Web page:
Japan’s Prime Minister Shinzo Abe called North Korea’s latest launch an “unprecedented, serious and significant threat,” and markets appeared to agree. South Korea also warned that it was gearing up its military to hit back at the North, if necessary.
“Markets are on the defensive, fearing an escalation in tensions in Northeast Asia,” Singapore-based bank DBS said in a note on Tuesday.
It said there was “no guarantee that U.S. President Donald Trump will refrain from fiery rhetoric in his response.”
But for now, the reason markets haven’t reacted more strongly to North Korea’s behavior is that they’ve become accustomed to the nuclear pariah’s antics.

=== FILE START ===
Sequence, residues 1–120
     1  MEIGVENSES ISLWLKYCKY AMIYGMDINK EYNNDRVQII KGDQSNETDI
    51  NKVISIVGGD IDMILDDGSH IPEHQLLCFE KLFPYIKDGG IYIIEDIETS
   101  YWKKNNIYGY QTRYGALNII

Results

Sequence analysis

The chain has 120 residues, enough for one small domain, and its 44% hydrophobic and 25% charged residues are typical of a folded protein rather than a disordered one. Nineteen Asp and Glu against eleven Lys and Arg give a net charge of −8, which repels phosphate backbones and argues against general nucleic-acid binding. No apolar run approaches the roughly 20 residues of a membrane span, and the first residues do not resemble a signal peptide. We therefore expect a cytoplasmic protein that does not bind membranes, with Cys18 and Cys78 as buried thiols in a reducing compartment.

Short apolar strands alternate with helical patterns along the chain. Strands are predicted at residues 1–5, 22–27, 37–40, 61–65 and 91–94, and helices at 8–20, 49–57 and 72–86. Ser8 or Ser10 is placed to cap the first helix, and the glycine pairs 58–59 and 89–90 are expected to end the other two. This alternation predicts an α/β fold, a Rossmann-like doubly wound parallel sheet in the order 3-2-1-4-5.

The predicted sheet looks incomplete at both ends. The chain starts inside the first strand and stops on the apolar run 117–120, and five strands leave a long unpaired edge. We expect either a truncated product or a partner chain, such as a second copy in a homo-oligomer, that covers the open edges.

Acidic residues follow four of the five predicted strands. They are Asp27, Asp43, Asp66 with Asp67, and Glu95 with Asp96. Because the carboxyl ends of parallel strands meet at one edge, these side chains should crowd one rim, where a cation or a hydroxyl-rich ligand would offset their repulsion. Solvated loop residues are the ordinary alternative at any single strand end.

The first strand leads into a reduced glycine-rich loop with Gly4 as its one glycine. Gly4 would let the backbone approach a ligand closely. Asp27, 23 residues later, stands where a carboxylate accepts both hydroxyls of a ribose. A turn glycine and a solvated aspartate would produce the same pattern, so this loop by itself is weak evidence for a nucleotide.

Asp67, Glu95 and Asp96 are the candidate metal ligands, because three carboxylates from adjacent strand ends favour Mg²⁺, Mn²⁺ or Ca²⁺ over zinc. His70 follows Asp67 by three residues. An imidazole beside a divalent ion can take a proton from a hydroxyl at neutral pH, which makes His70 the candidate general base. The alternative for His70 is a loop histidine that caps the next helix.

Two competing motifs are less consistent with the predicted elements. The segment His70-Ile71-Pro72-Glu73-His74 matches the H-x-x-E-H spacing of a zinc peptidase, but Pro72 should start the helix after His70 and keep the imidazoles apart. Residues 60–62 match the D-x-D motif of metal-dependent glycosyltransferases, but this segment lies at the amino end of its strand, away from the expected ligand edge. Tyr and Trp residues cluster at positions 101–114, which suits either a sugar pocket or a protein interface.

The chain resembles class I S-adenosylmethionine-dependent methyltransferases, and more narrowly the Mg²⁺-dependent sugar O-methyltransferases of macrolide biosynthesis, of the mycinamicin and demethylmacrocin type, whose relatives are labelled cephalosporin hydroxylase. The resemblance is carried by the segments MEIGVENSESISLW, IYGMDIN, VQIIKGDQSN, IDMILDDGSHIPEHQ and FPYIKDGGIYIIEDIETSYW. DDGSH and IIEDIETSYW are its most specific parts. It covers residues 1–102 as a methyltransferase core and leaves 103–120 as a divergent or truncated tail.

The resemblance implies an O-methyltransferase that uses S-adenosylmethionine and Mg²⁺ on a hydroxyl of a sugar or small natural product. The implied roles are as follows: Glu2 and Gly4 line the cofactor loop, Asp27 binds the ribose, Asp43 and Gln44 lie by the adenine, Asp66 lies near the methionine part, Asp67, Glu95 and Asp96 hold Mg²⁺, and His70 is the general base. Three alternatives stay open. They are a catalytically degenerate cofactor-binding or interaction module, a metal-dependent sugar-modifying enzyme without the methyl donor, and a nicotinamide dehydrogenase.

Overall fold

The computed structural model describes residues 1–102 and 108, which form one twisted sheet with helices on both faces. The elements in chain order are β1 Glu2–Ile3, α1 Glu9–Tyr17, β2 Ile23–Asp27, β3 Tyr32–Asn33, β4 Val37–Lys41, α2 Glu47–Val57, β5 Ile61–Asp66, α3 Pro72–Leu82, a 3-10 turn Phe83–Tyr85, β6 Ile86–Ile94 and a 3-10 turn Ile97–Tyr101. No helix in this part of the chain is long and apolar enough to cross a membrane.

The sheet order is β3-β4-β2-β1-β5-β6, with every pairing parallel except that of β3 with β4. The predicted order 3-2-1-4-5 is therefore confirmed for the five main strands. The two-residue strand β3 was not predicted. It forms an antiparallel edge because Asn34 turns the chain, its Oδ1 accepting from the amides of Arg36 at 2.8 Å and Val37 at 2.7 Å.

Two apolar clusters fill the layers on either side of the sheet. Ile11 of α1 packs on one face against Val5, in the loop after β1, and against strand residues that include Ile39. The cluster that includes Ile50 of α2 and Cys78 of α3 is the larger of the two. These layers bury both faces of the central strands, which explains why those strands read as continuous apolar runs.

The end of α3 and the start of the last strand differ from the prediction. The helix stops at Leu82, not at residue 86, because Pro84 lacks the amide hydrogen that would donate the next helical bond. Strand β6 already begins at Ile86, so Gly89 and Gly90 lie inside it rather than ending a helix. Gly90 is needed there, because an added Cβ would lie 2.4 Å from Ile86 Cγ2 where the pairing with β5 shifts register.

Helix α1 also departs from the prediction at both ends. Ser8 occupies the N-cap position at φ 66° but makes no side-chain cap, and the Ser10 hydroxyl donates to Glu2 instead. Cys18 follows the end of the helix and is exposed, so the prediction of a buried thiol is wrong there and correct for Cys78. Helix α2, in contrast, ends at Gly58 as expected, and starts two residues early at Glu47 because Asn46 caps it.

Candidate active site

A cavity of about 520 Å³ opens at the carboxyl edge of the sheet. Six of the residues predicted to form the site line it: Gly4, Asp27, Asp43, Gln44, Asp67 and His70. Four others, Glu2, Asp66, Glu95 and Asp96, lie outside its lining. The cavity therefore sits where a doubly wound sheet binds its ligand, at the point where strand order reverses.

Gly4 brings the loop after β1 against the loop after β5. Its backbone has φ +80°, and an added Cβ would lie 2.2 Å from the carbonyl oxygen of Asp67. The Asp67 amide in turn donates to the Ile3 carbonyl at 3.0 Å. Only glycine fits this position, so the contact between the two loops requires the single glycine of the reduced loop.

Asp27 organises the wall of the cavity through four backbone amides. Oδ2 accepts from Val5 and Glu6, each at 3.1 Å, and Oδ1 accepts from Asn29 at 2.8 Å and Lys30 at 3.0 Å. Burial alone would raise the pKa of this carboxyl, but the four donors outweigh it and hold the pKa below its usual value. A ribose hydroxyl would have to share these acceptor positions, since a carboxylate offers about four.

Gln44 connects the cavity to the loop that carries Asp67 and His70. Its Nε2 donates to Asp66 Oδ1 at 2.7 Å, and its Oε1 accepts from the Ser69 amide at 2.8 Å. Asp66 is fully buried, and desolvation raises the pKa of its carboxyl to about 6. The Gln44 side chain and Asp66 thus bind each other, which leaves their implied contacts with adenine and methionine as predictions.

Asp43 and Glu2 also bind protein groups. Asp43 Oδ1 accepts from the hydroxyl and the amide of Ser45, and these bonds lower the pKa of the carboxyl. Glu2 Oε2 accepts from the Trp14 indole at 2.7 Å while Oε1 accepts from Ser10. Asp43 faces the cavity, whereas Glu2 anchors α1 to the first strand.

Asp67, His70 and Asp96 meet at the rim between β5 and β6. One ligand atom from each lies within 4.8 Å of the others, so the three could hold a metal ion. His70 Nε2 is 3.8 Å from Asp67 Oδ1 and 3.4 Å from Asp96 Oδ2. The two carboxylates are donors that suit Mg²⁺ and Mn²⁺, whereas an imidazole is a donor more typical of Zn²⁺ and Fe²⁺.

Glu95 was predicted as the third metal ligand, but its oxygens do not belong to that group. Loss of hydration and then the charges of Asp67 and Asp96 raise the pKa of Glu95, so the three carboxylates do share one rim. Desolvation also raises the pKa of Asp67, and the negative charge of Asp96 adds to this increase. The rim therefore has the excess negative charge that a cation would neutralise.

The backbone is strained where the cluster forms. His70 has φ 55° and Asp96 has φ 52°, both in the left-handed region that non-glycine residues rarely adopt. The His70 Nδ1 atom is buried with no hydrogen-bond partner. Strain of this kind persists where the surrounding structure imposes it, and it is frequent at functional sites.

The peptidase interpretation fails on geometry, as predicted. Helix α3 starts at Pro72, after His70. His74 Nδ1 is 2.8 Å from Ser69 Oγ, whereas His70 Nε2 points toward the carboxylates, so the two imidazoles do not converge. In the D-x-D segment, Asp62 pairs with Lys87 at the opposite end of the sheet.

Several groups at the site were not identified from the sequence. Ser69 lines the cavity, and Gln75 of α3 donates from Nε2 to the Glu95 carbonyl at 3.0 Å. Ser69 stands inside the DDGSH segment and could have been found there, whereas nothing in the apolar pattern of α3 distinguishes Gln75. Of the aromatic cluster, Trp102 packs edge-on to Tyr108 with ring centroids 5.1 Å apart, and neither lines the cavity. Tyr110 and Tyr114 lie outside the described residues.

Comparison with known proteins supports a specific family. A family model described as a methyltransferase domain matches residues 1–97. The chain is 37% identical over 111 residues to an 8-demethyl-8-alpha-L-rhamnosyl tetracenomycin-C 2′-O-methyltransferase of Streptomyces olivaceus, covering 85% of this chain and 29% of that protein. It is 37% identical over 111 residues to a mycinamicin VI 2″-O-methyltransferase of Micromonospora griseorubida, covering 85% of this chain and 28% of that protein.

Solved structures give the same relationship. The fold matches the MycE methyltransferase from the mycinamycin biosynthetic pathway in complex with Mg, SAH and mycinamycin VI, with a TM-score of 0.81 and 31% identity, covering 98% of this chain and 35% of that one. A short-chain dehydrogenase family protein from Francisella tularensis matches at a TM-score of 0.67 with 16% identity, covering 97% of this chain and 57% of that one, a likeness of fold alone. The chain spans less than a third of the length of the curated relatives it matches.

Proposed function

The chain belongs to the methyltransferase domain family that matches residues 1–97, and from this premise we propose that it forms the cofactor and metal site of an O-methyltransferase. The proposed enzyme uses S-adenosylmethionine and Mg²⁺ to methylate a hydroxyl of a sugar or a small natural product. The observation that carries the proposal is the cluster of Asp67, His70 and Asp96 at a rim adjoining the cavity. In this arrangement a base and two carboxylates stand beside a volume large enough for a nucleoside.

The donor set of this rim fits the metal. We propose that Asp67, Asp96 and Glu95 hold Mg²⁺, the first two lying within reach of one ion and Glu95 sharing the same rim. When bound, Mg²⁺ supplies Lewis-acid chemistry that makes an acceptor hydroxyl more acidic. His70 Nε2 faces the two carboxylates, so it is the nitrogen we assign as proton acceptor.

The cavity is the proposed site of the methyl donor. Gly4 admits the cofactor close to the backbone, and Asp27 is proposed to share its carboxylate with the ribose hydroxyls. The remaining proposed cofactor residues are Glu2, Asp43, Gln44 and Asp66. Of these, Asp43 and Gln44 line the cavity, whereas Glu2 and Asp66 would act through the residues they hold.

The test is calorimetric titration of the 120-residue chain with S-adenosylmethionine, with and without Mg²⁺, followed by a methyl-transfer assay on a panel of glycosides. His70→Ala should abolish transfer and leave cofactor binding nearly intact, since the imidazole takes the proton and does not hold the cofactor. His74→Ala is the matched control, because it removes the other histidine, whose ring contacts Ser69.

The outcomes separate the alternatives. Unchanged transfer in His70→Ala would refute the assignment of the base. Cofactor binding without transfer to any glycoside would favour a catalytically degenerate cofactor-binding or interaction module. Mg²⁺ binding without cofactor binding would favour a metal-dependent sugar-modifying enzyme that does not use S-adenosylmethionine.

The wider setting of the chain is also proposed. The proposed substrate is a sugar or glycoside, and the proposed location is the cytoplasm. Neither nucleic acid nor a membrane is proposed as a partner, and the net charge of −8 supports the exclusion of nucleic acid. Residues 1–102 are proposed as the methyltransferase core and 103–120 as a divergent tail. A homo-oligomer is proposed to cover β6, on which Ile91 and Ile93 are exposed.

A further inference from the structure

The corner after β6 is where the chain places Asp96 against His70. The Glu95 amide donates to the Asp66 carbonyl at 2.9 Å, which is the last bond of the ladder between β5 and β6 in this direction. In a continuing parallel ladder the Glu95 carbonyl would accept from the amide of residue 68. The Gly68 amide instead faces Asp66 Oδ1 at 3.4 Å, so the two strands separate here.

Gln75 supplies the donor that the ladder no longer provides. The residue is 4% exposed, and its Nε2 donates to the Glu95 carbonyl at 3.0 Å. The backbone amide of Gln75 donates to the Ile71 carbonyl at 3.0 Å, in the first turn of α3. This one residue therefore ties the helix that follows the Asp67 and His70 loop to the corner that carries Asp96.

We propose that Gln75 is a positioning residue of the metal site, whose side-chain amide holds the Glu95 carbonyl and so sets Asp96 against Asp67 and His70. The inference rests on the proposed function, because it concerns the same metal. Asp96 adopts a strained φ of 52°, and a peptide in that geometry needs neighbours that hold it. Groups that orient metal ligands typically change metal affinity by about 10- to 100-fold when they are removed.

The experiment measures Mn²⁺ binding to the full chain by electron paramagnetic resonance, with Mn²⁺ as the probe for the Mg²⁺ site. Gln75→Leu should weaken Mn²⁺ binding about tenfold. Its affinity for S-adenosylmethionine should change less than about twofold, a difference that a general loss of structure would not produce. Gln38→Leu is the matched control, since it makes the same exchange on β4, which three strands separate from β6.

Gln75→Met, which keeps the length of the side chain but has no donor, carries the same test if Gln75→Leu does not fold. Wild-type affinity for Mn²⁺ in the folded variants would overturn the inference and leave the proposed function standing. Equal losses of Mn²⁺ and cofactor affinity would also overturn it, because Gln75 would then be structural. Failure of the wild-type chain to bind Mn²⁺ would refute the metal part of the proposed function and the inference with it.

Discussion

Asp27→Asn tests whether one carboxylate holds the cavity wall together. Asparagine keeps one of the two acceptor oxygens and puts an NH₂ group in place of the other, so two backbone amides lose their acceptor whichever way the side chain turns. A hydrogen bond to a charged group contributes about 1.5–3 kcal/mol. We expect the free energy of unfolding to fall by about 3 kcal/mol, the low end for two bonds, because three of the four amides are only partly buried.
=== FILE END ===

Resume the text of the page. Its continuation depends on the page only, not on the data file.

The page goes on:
“The very simplistic and glib answer is we’re just getting used to this. We’re inured to North Korea’s saber-rattling,” Rob Carnell, head of research for Asia at Dutch bank ING, said on Tuesday.
He noted that North Korea always fires over the sea in a “pretend alarmist” move, and markets may feel that there’s no real reason to get too concerned.
Carnell also said that excluding the U.S. president, American politicians and officials were making softer remarks, suggesting that it may be possible to get North Korea back to the negotiating table again.
“North Korea may be trying to cement its strength before making some concessions,” he said.